All you need to do is be unflinchingly honest with your partner. You need to act as their best friend quietly and diligently. And you need to be their co-parent, co-chauffeur, accountant, household manager and spiritual guide.
And all without friction or a single complaint.
Have Your Romantic Ideas Ruined Your Love Life?
Ask yourself this: "How many relationships do you know that live up to this ideal?"
Do you believe that so many marriages end in divorce because the couples weren't soulmates?
Or is the idea that love is easy with the right person a flawed one?
I think you'll agree with me when I say the idea of a soulmate is damaging to relationships.
The concept has had a devastating impact on the ability of ordinary people to lead successful emotional lives.
Romanticism takes the early part of a relationship as the standard. It projects the beginning of a relationship onto 60+ years of living together.
And it leaves no room for healthy conflict and misunderstanding. No recognition that all humans have flaws.
Every marriage is a union of individuals who bring their own opinions, personality quirks and values.
Even in happy marriages, spouses must cope with all sorts of marital issues.
Some conflicts are minor irritants, but others are complex and intense.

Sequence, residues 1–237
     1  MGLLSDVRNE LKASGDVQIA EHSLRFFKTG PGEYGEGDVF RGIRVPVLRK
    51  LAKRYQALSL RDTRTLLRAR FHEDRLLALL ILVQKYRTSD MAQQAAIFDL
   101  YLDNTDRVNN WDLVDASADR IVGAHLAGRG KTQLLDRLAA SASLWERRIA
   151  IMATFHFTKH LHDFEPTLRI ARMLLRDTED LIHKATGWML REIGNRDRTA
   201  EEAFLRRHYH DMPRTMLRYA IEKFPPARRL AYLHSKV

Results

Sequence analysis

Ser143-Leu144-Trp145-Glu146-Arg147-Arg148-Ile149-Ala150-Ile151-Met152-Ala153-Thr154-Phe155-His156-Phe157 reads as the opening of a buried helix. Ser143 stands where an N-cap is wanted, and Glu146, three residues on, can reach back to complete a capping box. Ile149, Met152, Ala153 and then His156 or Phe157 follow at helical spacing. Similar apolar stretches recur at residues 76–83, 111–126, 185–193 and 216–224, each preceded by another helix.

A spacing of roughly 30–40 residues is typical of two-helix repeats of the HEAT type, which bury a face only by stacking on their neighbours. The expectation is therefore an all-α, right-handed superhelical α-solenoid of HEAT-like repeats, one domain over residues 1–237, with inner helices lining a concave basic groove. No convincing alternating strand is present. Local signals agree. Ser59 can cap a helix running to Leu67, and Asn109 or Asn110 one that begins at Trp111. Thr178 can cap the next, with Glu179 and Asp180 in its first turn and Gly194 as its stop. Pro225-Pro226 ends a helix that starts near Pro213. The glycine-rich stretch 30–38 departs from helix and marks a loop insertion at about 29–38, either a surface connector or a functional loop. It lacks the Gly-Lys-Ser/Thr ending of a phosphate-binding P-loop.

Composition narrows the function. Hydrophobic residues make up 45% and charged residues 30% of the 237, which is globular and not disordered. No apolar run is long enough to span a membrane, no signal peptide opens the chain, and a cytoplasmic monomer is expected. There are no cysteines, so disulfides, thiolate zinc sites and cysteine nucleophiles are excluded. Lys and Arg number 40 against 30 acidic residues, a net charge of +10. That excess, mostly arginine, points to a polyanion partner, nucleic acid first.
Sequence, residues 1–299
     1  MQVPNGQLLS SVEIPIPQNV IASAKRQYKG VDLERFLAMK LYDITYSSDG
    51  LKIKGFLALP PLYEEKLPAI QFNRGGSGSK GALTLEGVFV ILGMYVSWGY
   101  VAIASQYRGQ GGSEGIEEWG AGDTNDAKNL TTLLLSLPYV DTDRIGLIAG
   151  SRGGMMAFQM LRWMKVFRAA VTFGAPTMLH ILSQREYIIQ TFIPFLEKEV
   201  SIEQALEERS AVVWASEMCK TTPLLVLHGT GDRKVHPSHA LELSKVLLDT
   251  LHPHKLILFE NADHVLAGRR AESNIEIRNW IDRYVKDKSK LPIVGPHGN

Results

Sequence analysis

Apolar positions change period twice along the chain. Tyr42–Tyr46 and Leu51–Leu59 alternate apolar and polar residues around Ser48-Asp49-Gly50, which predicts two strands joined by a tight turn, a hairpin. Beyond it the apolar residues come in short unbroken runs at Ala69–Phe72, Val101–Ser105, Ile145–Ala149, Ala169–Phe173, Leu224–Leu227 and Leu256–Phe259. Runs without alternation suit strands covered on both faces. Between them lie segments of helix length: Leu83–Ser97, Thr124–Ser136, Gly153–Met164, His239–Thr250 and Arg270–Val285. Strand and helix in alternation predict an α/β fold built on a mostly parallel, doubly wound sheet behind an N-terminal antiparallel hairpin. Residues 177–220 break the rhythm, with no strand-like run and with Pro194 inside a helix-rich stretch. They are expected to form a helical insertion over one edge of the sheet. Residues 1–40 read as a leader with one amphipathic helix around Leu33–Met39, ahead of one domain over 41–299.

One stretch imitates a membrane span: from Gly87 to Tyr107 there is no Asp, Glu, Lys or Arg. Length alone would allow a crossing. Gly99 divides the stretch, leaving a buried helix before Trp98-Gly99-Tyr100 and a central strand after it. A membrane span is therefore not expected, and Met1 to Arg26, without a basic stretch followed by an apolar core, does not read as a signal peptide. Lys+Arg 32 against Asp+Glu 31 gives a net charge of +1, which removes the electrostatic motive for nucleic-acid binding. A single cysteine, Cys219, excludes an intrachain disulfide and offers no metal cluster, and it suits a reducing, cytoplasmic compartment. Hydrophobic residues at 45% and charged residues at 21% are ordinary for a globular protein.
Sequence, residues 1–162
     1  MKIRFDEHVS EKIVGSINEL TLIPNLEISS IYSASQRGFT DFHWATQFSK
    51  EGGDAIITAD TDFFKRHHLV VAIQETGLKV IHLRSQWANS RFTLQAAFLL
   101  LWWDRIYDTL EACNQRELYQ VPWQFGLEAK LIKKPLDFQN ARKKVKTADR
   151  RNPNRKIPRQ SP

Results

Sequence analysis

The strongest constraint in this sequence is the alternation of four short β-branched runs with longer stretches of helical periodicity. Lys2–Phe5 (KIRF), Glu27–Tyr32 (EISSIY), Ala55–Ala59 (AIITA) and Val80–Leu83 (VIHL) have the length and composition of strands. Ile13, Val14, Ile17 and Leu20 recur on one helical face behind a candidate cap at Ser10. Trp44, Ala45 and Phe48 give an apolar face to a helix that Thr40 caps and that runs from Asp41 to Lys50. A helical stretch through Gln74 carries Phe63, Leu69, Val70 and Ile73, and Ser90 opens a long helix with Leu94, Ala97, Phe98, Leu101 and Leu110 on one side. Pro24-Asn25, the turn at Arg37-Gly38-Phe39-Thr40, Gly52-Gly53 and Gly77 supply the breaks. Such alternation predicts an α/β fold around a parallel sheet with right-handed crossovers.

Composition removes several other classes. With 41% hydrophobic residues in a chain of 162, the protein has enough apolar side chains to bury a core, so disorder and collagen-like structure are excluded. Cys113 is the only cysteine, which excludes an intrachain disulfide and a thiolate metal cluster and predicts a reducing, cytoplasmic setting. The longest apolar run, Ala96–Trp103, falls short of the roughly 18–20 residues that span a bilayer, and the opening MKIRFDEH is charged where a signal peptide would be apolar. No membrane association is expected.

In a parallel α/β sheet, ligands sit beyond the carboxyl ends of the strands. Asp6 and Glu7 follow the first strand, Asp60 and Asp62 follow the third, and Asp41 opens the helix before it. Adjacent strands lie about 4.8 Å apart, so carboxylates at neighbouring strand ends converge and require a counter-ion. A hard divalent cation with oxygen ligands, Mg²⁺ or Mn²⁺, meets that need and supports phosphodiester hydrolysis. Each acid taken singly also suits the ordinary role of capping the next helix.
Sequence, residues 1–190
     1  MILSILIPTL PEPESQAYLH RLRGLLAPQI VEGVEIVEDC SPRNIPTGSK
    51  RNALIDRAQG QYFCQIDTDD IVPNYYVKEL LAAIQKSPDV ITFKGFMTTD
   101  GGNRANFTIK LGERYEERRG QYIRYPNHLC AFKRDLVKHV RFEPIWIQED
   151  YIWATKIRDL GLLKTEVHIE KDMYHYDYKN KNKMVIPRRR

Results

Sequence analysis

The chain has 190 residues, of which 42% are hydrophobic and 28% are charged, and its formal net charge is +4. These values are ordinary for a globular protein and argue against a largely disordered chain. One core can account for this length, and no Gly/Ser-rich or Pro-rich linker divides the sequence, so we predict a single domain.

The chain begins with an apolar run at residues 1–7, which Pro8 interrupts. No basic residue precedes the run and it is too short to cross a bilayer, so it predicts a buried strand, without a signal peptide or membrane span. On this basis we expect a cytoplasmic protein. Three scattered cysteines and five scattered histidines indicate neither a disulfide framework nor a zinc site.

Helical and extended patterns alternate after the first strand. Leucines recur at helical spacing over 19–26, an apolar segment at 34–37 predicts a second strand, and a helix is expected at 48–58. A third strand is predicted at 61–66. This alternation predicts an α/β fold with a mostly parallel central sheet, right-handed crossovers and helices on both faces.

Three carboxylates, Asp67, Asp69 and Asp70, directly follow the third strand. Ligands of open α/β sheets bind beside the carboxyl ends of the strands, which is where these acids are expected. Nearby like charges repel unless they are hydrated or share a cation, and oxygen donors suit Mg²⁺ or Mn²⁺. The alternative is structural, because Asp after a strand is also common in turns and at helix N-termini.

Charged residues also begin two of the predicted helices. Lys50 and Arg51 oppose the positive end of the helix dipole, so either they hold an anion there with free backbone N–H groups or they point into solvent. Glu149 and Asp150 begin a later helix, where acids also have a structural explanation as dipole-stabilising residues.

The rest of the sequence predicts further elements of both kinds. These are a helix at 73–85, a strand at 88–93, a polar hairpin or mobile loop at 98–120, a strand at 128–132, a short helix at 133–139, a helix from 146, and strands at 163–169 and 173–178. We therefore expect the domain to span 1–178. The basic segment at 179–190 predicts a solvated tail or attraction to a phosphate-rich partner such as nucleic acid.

Research shows that most marital conflicts are bitter and long-lasting.
Choosing the Problems You Can Live With
Psychologist Dan Wile says it best in his book After the Honeymoon:
"When choosing a long-term partner, you will inevitably be choosing a particular set of unresolvable problems that you'll be grappling with for the next ten, twenty, or fifty years."
Marriages are successful to the degree that the problems you choose are ones you can live with.
Imagine a universe where Paul marries Alice.
Alice gets loud at parties. Paul, who's shy, hates that.
In another universe, Paul married Susan. He and Susan didn't even make it to the party. Susan hates waiting, and Paul is always late.
Susan feels taken for granted, which she’s sensitive about. Paul sees her complaining about this as her attempt to dominate him, which he’s sensitive about.
They fight before they've even left the house.
In this universe, Alice has married Mark. They haven't gone to the party either because they're still upset about an argument from the day before. It was about Mark not helping with the housework.
When Mark doesn’t help, Alice feels abandoned, which she is sensitive about. And to Mark, Alice's complaining is an attempt at control, which he doesn't like.